The price of alcohol is critical to alcohol consumption and levels of excessive alcohol consumption. There is strong and consistent evidence that higher alcohol prices decrease both alcohol consumption and alcohol related harms while lower prices increase them. A price increase of 10 per cent is estimated to reduce overall alcohol consumption by an average of 5 per cent. Demand for wines and spirits more responsive to price than is the demand for beer.  Increased alcohol prices have also been shown to reduce the proportion of young people who consume excess levels of alcohol. This includes reducing underage and binge drinking, delaying intentions among younger teenagers to start drinking and to slow progression towards drinking larger amounts.
Beer and spirits are already taxed using a volumetric system of taxing. Imposing a volumetric tax on wine would ensure consistency in the taxation of alcohol products. Volumetric taxes also raise the price of the cheaper alcohol products on the market, which weakens demand for these products.
There is concern at the alcohol industry’s propensity to heavily discount alcohol products in marginalised and remote communities to attract custom from key populations with identified levels of harmful alcohol consumption, like aboriginal communities and young people. The concern relates to discounts for bulk alcohol purchases and discounts that are activated to fall on the same day as pension and welfare payments. To ensure that marginalised communities are not exploited by alcohol industry pricing, improvements in data collection and monitoring as set out under Priority 9 below should accompany taxation reform of alcohol products.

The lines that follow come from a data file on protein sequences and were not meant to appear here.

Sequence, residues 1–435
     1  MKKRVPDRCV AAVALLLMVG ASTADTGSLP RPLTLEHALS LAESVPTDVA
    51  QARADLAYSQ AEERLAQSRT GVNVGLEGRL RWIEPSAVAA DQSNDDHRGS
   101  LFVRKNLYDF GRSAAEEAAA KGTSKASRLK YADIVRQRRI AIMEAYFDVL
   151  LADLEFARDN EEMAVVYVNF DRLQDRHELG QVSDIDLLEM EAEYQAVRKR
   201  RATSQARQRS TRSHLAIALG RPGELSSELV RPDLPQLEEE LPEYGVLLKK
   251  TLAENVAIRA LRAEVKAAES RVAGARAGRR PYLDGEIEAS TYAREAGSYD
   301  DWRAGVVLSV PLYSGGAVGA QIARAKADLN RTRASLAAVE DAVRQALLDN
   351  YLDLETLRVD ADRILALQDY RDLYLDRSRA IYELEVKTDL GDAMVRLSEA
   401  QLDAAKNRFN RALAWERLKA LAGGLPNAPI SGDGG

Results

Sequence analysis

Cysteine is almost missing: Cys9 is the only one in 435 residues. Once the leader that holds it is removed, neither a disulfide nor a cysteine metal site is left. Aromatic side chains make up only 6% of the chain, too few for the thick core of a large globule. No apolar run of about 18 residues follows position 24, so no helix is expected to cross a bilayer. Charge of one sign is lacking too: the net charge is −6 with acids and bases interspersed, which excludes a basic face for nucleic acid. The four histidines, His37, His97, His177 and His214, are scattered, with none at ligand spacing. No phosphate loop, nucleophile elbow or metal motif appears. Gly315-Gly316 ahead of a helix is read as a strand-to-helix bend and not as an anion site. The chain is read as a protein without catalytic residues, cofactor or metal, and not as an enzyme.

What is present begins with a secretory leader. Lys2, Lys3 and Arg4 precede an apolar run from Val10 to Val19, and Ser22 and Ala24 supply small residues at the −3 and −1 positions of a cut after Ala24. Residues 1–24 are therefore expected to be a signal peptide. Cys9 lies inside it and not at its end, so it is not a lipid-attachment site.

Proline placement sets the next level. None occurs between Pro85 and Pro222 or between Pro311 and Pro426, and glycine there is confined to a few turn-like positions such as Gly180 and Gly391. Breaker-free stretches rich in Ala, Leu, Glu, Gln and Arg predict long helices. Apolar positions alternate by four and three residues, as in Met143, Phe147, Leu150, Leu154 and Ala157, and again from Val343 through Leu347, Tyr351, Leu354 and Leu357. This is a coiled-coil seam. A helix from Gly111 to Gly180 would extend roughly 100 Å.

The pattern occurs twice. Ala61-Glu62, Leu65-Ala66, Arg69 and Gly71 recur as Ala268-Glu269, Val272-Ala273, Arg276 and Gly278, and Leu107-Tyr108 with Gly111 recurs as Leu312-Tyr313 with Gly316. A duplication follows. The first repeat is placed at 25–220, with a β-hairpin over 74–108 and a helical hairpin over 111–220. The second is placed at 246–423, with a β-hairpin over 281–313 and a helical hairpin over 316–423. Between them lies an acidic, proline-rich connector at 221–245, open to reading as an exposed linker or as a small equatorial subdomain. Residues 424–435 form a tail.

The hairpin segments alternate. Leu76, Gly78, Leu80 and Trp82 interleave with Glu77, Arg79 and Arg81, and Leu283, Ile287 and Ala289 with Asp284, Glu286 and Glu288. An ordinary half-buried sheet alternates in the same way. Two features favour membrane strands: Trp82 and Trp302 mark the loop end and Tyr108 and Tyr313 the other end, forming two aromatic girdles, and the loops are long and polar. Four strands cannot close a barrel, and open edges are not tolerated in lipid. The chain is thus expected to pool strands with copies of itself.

Priority 8: Improve treatment capacity, particularly within primary, acute and other health care settings.
Priority 9: Guide practice through appropriate data collection and evaluation, and be responsive to emerging issues
The data generated from this initiative would inform the need for targeted strategies to respond to specific issues, for example specific alcohol products (for example, alco pops and other alcohol products (that is, sweet, low cost, high percentage of alcohol) that are designed to introduce young drinkers to alcohol products , or promote heavier alcohol consumption.
Priority 10: Improve responses for emergency services